Mountain Memories – Possible Winter Ascent of Northeast Buttress with Jim Craig, 1967ish

Earlier I had done a summer ascent of NE Buttress with Dougal Purvis, starting with Slingsby’s Chimney on the W side and had scuttered about on it during the Joy and Gracie callout, so was fairly familiar with the route.

Jim and I planned to do NE Buttress before the winter set in but, when we reached the CIC Hut, it was evident that there had been a fresh fall of snow during the night. Looking up, it didn’t seem too bad, so I headed for the start at the Coire Leis traverse to the first platform with my buddy Jim Craig. It had a fair bit of snow on it, but it was wettish at the bottom, so didn’t present any problems, but needed a lot of care. Traversing from the first platform on snow covered ledges to the bottom of the groove leading up to the second platform wasn’t too bad as the snow started to firm up a bit as we gained height. The grooves were a mixture of ice and snow, but weren’t too difficult, just needed keeping focussed due to the paucity of decent natural belays. I’d done the bottom bit without gloves, so as I belayed Jim, the circulation started to return to my fingers with the attendant pain, which made me skirl and hop around. Jim thought I was greetin’, but I was just being a jessie and loupin around.  After the second platform, the ridge starts to ease back a little, so the increased amounts of unconsolidated snow on the crest didn’t provide too much trouble.

The next barrier was the mantrap, a 15ft awkward bit on the crest of the ridge which is the crux of the climb, and many a hardy soul has had a good wrestle with it. It was now our turn. The alternative routes round it are allegedly more difficult, so it’s recommended to be tackled straight on.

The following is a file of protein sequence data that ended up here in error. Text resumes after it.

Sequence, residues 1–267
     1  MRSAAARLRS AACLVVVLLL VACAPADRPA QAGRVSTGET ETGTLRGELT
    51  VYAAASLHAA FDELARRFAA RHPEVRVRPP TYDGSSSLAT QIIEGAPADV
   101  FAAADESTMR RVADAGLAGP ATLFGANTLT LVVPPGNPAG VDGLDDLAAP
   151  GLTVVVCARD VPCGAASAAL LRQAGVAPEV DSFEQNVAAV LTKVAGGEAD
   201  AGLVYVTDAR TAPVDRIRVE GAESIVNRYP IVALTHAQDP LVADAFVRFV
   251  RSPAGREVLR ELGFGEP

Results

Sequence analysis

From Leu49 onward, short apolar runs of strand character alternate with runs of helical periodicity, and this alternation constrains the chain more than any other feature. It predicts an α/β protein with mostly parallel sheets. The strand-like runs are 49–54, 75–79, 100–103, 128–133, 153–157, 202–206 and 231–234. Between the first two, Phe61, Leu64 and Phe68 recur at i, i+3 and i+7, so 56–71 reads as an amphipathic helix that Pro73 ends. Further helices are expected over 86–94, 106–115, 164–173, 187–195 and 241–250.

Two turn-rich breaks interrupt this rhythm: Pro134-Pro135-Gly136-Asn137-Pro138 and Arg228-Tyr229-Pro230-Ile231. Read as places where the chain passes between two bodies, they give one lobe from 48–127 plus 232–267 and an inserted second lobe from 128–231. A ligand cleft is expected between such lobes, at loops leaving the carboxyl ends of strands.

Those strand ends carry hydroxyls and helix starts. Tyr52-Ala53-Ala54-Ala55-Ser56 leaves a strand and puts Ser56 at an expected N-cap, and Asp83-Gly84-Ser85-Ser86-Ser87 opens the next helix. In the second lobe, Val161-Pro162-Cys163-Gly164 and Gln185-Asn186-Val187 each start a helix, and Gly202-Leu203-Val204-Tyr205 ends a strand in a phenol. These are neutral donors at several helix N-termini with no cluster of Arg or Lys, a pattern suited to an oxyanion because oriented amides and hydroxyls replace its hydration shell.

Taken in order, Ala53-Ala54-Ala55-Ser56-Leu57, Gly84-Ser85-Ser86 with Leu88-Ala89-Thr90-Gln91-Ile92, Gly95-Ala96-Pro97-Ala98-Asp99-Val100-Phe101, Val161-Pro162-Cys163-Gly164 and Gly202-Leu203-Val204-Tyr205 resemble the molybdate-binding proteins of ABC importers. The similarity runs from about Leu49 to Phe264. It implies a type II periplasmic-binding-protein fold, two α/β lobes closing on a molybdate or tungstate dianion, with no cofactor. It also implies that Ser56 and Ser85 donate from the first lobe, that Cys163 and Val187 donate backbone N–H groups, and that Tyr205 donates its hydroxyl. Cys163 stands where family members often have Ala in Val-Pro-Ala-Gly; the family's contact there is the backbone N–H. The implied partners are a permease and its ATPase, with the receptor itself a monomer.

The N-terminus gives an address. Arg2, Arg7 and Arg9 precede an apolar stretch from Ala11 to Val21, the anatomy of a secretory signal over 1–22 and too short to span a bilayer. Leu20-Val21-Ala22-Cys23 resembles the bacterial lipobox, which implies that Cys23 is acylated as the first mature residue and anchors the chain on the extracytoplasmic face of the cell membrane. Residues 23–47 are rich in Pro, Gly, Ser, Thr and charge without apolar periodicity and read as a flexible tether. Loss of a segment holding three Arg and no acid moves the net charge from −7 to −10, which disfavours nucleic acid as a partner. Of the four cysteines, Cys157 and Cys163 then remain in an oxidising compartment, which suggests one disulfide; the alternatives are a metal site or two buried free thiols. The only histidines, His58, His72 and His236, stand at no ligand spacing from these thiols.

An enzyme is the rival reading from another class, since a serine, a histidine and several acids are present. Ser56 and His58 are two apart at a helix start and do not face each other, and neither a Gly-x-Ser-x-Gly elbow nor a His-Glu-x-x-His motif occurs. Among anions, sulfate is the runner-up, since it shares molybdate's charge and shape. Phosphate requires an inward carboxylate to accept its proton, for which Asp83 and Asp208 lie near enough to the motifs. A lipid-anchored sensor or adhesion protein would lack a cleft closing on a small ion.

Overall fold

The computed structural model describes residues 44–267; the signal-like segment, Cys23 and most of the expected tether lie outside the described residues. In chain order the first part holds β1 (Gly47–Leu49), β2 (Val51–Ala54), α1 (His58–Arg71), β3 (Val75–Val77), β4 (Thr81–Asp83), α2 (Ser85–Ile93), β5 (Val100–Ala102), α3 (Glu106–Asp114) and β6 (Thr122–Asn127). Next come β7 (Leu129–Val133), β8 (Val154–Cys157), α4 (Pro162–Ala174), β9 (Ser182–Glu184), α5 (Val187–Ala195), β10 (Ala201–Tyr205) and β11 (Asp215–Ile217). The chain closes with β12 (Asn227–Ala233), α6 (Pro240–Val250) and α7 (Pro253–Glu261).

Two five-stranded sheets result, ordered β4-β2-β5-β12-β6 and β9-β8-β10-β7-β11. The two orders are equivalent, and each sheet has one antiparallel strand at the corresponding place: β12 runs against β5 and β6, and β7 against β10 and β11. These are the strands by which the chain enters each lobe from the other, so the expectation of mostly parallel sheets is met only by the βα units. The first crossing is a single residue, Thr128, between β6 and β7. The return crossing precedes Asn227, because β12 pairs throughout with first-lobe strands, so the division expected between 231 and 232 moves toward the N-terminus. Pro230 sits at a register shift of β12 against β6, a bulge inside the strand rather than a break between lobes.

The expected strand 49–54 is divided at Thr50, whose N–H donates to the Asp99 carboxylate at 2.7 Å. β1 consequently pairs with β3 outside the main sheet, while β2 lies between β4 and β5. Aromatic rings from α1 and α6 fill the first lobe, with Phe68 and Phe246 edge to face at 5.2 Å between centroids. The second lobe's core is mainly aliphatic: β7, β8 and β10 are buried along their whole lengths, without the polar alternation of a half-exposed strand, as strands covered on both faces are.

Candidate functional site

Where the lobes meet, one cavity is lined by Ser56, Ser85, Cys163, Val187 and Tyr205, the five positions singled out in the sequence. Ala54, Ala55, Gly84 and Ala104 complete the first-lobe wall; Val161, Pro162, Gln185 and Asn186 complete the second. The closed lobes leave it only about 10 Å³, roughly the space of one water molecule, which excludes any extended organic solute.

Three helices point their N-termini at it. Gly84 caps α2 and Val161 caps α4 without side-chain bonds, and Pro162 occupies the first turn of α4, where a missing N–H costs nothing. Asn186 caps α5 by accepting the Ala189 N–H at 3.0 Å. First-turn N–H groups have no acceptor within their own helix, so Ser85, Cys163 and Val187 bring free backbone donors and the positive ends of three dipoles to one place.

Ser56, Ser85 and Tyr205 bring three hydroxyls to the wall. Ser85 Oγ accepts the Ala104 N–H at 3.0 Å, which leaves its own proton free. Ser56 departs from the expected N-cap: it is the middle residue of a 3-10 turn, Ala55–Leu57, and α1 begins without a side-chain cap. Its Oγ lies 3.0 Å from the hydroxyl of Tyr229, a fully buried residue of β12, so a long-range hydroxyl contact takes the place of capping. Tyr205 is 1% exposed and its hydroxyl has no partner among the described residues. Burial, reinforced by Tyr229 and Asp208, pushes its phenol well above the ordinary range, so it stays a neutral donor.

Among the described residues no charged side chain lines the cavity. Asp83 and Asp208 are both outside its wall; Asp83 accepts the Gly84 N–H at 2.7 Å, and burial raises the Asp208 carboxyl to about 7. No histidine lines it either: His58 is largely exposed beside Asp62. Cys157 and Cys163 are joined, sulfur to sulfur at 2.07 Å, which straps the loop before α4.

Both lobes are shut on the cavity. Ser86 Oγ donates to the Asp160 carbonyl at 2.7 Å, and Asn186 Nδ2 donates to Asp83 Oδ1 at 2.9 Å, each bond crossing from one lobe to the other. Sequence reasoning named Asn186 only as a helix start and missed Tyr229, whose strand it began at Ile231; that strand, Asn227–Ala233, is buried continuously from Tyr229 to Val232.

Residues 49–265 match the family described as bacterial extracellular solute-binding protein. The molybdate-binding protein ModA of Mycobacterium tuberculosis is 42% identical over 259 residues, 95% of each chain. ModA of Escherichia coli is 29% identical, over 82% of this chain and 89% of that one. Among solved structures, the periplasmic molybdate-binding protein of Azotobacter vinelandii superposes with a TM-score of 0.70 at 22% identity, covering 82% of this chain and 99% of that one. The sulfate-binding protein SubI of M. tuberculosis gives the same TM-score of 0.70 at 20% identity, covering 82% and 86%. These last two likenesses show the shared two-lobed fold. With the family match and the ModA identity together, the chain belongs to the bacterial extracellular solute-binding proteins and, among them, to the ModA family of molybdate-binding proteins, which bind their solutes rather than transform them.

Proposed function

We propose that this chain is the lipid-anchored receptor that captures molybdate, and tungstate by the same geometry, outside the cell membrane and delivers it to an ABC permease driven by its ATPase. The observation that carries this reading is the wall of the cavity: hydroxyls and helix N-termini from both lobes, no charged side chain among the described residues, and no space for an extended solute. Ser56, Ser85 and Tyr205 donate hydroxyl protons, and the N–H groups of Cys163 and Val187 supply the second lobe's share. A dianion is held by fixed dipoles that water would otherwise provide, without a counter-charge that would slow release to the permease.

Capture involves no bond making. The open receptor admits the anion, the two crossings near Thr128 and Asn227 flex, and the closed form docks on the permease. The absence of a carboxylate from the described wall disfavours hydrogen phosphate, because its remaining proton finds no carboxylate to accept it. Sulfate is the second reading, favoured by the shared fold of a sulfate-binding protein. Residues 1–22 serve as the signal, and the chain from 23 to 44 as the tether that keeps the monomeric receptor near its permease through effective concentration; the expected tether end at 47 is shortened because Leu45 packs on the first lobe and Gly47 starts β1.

The mantrap lived up to its reputation today, as my first attempt at it had me jumping off at the first move. Having swept and melted the snow on the handholds at my first attempt, they quickly froze into ice, which meant they were too slippy for my next attempt. We had a scran break to re-evaluate our strategy! Arms rested, I returned to the problem, knowing that a failure would mean a very long abseil for us back down the ridge. As I’m a fairly short-arse person, Jim offered himself for the bottom half for combined tactics – a little hazardous in crampons. One sack was placed on his knees and the other on his head/shoulders, allowing me to gain some height to reach the upper holds. As I clung on to the icy holds, I found that if I lifted some of my fingers up after their heat had melted a bit of the ice, it allowed the ice to refreeze on my woollen mittens, thus giving just enough friction on the handholds to make the next move. The Mantrap is only a couple of moves to get over the difficulties, and this strategy worked well to get up it, much to our relief.  Jim came up on a tight rope so that he didn’t have to Pfaff around like me and anyway by this time he was getting cold. Above the mantrap the ridge eases right back onto the top, with lots more snow, so the going was easy and we made it to the top with our perforated hillbags. The tussle with the mantrap made a straightforward autumn ascent into a semi-winter ascent. I’ll let Jim decide whether it qualified as a winter ascent – it certainly tested my friction-on-ice creativity!